The quality of your design (which includes color schemes, good spacing, site organization, and images) directly impacts how leads perceive your product.

And we know this because of the numbers.

To show you a bit of what I mean…

Here's an article on how bigger images increased conversions by 63%

Here's an article on 6 ways keeping usability in mind increased conversions 

And here's a case study on how removing clutter and distractions also increased conversions 

So copywriters, become friends with your designers. 

Design principles are a factor that plays a favor to your overall campaign. Remember that.

3) Logos (whether your own or from others)

getgeofencing's site and logo showcase
getgeofencing's site and logo showcase

Logos show credibility through representation.

It's an indirect way of telling someone:

"Hey, we have a thing that is so important, that we made an image that represents that thing. Here it is". 

If you're working in businesses on the small scale, it's a good plus to have (not everybody on that level has a logo, which is a good way to stand out if that's the goal.)

Plus, branding! It's a quick way to create consistency between pages and give them an "identity" so to speak.

But that's only for your logo.

What's really going to convince leads of your trustworthiness…

That would be other people's logos.

Icreative's page includes logos from other companies. Doesn't even mention if they're past clients or what relationship they have. They're just there… and it STILL manages to generate trust.
Icreative's page includes logos from other companies. Doesn't even mention if they're past clients or what relationship they have. They're just there… and it STILL manages to generate trust.

Including them instantly increases legitimacy (in pretty much the same way testimonials do).

And it does this because when you see other people's logos on your page, you subconsciously think:

"If other companies have featured/worked with them, then I can trust them a lot more."

It's a sort of social proof in a way.

So thinking of it in those terms is the best way to tackling it.

4) Numbers (Amounts, size, years, etc.)

Numbers are like duct tape - You can use it to fix (or in this case, convey) almost anything.

This simple tool can help you communicate:

  • experience
  • skill level
  • professionalism
  • customer satisfaction 
  • probability of success
  • or pretty much anything you can think of.

This is because it's well known numbers have an impressive effect on our psychology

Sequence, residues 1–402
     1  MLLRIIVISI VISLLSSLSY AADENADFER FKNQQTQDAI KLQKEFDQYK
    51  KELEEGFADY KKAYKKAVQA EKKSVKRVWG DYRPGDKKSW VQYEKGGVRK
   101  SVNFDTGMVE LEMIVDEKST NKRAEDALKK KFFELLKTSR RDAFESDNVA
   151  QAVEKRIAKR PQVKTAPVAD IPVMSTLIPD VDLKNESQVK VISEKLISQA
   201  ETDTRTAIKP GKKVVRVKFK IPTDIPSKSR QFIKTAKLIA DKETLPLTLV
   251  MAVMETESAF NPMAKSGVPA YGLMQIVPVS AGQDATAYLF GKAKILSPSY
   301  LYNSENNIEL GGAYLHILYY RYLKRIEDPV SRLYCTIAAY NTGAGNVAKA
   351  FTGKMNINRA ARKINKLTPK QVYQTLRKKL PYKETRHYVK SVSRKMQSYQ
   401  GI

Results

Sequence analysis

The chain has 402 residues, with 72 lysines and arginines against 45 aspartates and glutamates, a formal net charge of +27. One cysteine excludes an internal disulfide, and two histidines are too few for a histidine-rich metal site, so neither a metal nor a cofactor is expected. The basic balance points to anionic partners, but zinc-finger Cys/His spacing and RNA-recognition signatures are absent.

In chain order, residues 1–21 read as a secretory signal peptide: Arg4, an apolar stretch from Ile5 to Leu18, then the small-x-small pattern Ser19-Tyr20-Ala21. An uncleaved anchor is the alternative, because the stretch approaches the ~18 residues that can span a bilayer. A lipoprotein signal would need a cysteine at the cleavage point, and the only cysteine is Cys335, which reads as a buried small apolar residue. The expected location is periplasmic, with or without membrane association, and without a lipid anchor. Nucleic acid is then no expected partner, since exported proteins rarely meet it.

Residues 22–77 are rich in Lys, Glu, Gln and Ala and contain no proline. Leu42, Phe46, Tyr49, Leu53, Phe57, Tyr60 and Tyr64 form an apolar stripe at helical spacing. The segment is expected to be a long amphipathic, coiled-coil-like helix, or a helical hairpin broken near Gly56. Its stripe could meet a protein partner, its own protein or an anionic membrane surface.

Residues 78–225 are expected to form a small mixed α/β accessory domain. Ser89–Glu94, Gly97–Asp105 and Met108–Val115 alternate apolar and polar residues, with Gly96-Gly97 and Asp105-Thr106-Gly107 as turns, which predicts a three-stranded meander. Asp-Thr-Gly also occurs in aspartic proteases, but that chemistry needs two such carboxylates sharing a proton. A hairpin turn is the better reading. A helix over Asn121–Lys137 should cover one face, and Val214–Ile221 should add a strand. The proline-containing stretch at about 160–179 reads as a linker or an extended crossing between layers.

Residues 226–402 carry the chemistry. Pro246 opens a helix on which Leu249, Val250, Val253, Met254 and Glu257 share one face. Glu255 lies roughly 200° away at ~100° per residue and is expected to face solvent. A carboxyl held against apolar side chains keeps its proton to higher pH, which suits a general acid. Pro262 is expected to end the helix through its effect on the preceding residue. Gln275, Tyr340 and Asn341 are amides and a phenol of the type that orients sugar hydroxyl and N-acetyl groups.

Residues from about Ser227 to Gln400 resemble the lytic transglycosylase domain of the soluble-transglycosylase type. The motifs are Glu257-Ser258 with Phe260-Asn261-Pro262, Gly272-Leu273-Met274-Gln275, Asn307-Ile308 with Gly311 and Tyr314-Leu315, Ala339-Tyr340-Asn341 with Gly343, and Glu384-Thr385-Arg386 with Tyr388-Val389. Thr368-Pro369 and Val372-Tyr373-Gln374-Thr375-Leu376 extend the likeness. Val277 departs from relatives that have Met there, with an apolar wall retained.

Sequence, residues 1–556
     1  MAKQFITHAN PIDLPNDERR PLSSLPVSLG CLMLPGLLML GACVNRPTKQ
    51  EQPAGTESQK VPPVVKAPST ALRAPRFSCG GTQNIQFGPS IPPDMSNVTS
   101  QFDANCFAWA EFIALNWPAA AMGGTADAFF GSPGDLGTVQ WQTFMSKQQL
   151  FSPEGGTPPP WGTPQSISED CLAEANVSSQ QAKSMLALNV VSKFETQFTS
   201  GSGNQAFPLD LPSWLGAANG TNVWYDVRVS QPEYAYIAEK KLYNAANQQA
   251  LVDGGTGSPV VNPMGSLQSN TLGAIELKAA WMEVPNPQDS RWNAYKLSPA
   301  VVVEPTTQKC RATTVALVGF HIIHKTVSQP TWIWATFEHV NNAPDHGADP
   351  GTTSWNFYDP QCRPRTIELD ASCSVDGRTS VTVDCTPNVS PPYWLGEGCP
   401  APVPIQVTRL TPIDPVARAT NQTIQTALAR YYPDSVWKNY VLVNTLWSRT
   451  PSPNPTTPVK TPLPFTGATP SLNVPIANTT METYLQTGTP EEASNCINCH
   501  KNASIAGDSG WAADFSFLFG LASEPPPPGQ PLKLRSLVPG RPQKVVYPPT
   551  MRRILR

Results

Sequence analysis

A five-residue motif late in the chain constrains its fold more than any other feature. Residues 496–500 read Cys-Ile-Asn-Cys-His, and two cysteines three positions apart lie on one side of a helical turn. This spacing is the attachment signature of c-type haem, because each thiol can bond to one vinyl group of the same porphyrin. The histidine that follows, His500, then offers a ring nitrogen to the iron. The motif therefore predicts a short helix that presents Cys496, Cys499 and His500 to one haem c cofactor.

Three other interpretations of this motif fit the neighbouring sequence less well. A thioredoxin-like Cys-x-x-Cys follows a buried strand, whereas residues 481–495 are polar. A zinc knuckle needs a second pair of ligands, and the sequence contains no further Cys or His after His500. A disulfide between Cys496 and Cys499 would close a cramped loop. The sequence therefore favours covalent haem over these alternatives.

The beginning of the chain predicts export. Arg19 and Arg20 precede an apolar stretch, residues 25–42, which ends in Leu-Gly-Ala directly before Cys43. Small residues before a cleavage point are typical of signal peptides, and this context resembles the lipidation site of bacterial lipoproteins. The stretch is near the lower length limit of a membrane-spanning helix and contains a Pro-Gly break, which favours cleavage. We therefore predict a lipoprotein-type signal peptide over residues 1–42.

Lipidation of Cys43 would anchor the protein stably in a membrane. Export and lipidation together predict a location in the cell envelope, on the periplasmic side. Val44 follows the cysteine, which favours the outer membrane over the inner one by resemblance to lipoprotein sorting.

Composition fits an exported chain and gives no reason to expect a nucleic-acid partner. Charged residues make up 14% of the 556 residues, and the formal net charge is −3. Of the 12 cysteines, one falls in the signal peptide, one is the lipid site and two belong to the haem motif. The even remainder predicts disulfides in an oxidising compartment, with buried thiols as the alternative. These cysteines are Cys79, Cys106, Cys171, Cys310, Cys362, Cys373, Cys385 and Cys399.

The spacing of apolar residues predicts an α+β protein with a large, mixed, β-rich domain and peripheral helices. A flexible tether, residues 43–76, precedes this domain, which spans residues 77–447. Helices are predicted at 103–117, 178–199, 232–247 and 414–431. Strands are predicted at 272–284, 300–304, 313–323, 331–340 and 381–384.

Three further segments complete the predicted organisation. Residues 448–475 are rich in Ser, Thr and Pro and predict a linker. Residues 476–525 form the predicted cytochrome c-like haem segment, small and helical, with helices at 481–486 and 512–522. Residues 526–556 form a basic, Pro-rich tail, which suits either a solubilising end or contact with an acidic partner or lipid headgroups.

And saying anything like:

  • "10,000+ happy parents use our service…"
  • "5473 projects successfully deployed…"
  • "16 offices worldwide…"

Makes your product or company more trustworthy than anything.

Numbers show credibility in ways other tools don't let you. 

In fact, the only real hard part is building up those numbers to be that high.

So start counting so that when you have them, you can use them.

Wrapping things up

Trust becomes easier the bigger the business is. 

Your logo becomes more recognizable, your numbers get bigger, you get more testimonials, ratings and case studies and you can pay for better design. (Pay your designers).

The hard part is the start. You have to build trust before you're allowed to flaunt it.

So, concentrate on building that trust and that's when these tools will open up to you.

Find every opportunity to use them. And use them responsibly.

We need marketers with more moral in this world.


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My name is Mauro [Maw-ro] and I'm the guy who wrote this article. I have a newsletter where once a week I send an insightful idea on how to improve landing pages for your marketing campaigns. If you're interested, you can sign up to get them in your email here.


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Mauro Accorinti

I’m a front-end developer and digital marketer. My newsletter "In One Snap" features weekly insights to help marketers, designers and devs increase conversions on landing pages. You can get my free landing page swipe file (and sign up to In One Snap) by going here →